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Old 06-12-2010, 11:57 PM
 
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Simply because someone is "uneducated", comes from a non-western country, or a rural community does not mean that everything they believe can be discounted as superstition.
THIS!

Not walking in bare-feet isn't something that is prolific in American culture, but we have our own odd cultural stuff. Chickenpox parties is coming to mind... anyway, the part that makes it superstition seems to be class based. And just because we are a wealthier country doesn't mean that our practices aren't just as backwards.

On another note, I don't know much about the hot/cold stuff of Latin America, but I wonder if the ideas are similar to the hot/cold stuff in Asian medicines. Interesting...

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Old 06-14-2010, 12:40 AM
 
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Simply because someone is "uneducated", comes from a non-western country, or a rural community does not mean that everything they believe can be discounted as superstition. Much of the modern medicine that we rely on today was developed from older natural home remedies (aspirin anyone?). It's important to be respectful of differences and realize that there are many valid approaches to health and wellness that are outside the sphere of modern Western medicine.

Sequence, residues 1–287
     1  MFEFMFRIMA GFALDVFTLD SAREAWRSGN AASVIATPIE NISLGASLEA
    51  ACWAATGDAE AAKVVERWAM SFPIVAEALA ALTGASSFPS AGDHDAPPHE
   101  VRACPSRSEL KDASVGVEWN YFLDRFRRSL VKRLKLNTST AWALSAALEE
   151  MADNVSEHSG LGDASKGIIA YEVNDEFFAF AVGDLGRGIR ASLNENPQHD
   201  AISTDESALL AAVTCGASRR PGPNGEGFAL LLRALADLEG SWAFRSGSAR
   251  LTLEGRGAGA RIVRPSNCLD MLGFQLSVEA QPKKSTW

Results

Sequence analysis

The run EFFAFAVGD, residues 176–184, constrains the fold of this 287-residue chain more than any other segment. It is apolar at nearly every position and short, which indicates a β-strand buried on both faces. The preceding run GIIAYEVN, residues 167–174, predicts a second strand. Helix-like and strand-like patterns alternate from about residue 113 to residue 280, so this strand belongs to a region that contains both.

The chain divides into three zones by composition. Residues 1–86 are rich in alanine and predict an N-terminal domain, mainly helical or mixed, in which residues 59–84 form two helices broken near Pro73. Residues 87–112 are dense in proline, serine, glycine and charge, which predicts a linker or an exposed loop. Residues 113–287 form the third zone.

it's a bit presumptuous to assume we're coming at this from a purely western viewpoint, don't you think? just because we're commenting on strange practices and ideas on health that have impacted our lives doesn't mean we discount "non-western" ideas based on that alone.
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Old 06-14-2010, 05:03 PM